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British government won’t apologize for Balfour Declaration

The British Government has issued a statement saying it does not intend to apologize for the 1917 Balfour Declaration through which Britain announced it favored “the establishment in Palestine of a national home for the Jewish people.”

Last week’s British statement was made in response to a petition that was published on the United Kingdom government website by the Palestinian Return Center organization.

Toward the end of the First World War, British Foreign Secretary Arthur Balfour wrote a short letter to Lord Rothschild which the Israeli government describes as representing the “first political recognition of Zionist aims by a Great Power.” The letter is known as the Balfour Declaration.

Addressing Lord Rothschild on Nov. 2, 1917, Balfour wrote:

Dear Lord Rothschild, 

I have much pleasure in conveying to you, on behalf of His Majesty’s Government, the following declaration of sympathy with Jewish Zionist aspirations which has been submitted to, and approved by, the Cabinet. 

“His Majesty’s Government view with favour the establishment in Palestine of a national home for the Jewish people, and will use their best endeavours to facilitate the achievement of this object, it being clearly understood that nothing shall be done which may prejudice the civil and religious rights of existing non-Jewish communities in Palestine, or the rights and political status enjoyed by Jews in any other country.” 

I should be grateful if you would bring this declaration to the knowledge of the Zionist Federation. 

Yours sincerely,
Arthur James Balfour 

The Palestinian petition, brought as the 100th anniversary of the declaration nears, is entitled “UK Must Apologize for the Balfour Declaration and Lead Peace Efforts in Palestine.” It calls on Britain to “openly apologize to the Palestinian people for issuing the Balfour Declaration.” It claims “the colonial policy of Britain between 1917 and 1948 led to mass displacement of the Palestinian nation.”

In response, Britain has asserted it does not intend to apologize. “We are proud of our role in creating the State of Israel,” the U.K. statement affirmed.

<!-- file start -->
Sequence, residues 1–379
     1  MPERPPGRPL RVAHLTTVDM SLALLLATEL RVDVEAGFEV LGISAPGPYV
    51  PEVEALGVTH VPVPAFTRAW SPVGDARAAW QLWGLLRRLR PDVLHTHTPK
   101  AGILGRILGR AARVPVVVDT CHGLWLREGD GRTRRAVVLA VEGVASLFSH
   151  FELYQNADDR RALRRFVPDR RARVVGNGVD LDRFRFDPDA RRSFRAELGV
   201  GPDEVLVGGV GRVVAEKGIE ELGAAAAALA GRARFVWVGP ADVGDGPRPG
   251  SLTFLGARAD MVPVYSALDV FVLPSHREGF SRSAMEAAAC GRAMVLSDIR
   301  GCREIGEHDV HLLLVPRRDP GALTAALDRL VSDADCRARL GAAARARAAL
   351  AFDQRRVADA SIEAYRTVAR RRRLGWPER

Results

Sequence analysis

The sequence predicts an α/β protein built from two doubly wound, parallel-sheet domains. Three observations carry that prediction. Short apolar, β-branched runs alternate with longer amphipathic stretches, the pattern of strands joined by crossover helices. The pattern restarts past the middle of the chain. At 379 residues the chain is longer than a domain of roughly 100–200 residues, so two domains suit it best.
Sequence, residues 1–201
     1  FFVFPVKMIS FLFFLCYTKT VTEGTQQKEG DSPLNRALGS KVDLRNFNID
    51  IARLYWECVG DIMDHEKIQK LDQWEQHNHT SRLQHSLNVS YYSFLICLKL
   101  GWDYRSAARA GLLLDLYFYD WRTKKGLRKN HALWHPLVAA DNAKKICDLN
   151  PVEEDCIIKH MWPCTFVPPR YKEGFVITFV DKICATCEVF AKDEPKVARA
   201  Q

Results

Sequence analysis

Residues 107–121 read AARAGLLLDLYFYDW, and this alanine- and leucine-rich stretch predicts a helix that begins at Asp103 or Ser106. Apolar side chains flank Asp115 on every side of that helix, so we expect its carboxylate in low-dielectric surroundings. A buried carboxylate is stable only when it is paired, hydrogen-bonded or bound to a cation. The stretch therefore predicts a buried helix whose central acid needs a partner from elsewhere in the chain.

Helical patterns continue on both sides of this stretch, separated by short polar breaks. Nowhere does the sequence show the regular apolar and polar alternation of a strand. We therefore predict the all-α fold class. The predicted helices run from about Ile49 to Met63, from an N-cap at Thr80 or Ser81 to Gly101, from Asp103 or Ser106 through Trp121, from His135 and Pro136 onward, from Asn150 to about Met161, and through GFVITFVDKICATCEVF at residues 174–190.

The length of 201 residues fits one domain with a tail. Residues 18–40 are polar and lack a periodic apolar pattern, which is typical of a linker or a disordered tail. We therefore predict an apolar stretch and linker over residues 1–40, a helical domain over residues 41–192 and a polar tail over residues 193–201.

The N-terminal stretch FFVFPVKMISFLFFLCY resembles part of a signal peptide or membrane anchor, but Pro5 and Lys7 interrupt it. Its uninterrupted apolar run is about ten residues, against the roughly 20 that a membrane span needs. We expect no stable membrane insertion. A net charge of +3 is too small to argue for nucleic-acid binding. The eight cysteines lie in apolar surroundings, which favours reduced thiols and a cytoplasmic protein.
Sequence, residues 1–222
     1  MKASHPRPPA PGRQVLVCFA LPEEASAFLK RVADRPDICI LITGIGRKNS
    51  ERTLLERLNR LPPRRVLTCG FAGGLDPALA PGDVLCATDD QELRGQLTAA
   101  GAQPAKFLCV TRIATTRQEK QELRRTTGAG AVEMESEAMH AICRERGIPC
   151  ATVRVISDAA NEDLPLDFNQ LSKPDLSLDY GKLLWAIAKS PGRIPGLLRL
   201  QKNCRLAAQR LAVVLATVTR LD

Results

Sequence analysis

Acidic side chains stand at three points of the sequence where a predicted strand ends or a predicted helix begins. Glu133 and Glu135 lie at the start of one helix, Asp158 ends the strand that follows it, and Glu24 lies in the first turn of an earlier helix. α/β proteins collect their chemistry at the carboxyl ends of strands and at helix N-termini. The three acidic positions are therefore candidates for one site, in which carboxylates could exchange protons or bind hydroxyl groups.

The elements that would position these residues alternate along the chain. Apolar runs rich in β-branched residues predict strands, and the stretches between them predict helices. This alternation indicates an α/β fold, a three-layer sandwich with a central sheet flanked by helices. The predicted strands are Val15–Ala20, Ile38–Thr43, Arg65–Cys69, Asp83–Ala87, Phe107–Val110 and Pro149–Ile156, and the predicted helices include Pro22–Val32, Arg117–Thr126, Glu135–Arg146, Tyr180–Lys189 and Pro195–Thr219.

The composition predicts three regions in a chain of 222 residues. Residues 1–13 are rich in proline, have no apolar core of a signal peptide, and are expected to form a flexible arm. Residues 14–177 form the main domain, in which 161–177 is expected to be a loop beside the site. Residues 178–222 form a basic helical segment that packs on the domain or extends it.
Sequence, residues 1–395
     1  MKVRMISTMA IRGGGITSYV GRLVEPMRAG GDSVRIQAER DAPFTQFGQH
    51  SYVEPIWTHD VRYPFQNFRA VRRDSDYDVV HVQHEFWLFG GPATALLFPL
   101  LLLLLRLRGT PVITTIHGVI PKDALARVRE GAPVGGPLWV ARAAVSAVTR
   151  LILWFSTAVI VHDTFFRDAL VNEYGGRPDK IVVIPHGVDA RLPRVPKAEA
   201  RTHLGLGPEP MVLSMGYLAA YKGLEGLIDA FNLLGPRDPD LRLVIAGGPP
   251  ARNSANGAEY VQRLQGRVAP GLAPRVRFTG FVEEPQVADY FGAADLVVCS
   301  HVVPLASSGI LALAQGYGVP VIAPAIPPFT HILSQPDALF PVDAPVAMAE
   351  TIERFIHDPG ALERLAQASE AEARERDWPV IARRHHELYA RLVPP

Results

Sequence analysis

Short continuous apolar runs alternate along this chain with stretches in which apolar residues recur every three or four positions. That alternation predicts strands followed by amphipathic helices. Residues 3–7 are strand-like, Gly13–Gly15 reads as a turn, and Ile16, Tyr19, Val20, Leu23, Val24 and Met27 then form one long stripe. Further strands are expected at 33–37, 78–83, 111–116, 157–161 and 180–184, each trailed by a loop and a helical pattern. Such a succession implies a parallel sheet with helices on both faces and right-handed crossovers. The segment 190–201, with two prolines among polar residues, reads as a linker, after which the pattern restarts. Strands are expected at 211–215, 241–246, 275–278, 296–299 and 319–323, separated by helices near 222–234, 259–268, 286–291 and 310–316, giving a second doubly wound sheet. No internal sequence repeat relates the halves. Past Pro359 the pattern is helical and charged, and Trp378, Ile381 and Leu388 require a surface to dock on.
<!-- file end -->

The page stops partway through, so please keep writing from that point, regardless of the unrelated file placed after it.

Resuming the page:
“The Declaration was written in a world of competing imperial powers, in the midst of the First World War and in the twilight of the Ottoman Empire,” the government explained in its statement. “In that context, establishing a homeland for the Jewish people in the land to which they had such strong historical and religious ties was the right and moral thing to do, particularly against the background of centuries of persecution. Of course, a full assessment of the Declaration and what followed from it can only be made by historians.”

The U.K. statement goes on to say the Declaration should have called for the political rights of non-Jews in Palestine, especially the right of self-determination. However, it continues, the “important thing” is to look forward to security and justice for Israelis and Palestinians. According to Britain the “best way to achieve this” is through a two-state solution.

The U.K. government also responded that should the petition garner 100,000 signatures it will be debated in Parliament. The deadline for the petition is May 3. There were 13,568 signatures by the last week of April.

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Karen Faulkner
Karen Faulkner recently completed a Master's degree in Human Rights and Transitional Justice at Hebrew University, Jerusalem. She made Aliyah in 2006 and lives in Jerusalem.

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